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Cover page of the Journal of Health Sciences
ORIGINAL ARTICLE
Year : 2022  |  Volume : 15  |  Issue : 2  |  Page : 137-142

A prospective study of etiology and clinical characteristics of children with short stature and response to treatment


Department of Endocrinology, Gandhi Medical College/Gandhi Hospital, Secunderabad, Telangana, India

Correspondence Address:
Dr. Vijay Sheker Reddy Danda
Department of Endocrinology, Gandhi Medical College/Gandhi Hospital, Secunderabad - 500 003, Telangana
India
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Source of Support: None, Conflict of Interest: None


DOI: 10.4103/kleuhsj.kleuhsj_64_21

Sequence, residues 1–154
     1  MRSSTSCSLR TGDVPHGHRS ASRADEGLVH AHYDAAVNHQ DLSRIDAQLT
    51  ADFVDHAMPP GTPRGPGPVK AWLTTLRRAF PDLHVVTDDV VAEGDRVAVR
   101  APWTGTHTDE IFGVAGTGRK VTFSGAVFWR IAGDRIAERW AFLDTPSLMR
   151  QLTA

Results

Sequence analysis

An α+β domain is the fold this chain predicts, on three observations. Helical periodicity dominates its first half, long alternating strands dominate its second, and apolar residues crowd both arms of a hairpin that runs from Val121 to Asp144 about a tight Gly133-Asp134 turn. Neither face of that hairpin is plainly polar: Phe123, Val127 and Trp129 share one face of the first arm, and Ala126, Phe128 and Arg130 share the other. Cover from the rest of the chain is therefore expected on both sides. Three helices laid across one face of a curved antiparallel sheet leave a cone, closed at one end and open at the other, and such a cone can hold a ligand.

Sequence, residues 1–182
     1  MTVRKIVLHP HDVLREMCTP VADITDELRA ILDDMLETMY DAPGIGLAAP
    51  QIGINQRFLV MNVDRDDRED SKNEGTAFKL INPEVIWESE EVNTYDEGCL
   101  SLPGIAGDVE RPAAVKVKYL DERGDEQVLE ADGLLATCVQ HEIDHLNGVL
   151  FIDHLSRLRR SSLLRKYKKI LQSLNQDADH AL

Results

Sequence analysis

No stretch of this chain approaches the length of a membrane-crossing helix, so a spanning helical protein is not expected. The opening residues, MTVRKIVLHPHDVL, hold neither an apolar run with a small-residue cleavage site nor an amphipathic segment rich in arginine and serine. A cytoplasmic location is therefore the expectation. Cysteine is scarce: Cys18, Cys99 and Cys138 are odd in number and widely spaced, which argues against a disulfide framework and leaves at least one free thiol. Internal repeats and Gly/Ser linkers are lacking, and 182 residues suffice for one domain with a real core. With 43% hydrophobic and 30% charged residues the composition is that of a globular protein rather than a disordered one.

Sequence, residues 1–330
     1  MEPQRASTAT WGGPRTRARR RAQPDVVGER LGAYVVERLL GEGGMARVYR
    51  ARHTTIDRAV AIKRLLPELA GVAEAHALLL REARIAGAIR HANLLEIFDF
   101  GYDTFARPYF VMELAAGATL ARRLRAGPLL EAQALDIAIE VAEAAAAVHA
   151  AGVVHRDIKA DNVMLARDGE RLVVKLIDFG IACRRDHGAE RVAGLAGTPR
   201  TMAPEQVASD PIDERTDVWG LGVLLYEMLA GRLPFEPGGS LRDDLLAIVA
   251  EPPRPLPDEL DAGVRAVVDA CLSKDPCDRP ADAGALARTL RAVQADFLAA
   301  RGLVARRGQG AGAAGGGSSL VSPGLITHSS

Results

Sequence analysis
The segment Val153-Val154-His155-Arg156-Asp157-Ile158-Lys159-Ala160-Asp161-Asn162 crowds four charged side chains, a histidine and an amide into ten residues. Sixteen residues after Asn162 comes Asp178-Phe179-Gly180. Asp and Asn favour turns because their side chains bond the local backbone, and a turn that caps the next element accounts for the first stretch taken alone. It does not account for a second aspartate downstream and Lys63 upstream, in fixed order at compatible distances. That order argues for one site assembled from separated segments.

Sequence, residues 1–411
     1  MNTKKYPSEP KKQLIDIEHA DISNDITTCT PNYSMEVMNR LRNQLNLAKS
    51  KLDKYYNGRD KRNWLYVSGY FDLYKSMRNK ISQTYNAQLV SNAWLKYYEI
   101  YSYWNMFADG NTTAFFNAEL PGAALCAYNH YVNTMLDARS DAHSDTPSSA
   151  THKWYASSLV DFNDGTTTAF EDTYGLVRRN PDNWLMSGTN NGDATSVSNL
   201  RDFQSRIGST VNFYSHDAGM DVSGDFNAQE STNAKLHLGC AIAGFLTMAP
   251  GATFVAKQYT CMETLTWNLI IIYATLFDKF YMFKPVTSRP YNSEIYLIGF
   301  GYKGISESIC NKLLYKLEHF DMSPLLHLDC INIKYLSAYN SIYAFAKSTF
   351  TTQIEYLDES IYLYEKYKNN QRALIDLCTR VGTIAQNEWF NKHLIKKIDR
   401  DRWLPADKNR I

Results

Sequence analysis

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OBJECTIVE: To study the etiological and clinical profile of children presenting with short stature and to assess growth velocity in children after 6 months of treatment. METHODS: This prospective observational study was conducted between January 2017 to May 2018. One hundred consecutive children attending the outpatient department for short stature were thoroughly evaluated clinically and investigations were done as deemed necessary. The cases were followed up for 6 months to assess the growth velocity. RESULTS: Female to male ratio was 1.56. Nutritional short stature (NSS) and normal variant short stature were the most prevalent, with the equal frequency of 19% each, followed by endocrine and other causes. The significant number of children had Vitamin D deficiency/insufficiency (92%). mid-parental height (MPH) was below-1 standard deviation score (SDS) from the national standard in all the children studied. CONCLUSION: In the present study, normal variants of short stature and NSS were the most common causes of short stature, followed by endocrine disorders. Vitamin D status was low in the majority of the children (92%), with possible contribution to short stature in all groups irrespective of primary diagnosis and needs further exploration. Growth hormone (GH) therapy in select non GH deficiency short stature can be promising. We also noted that maternal, paternal heights, and consequently, MPH was below the national standard in 100% of children. This may implicate ethnic variations and maybe a call for local growth charts. It needs further studies to look for factors responsible for lower MPH in our cohort.


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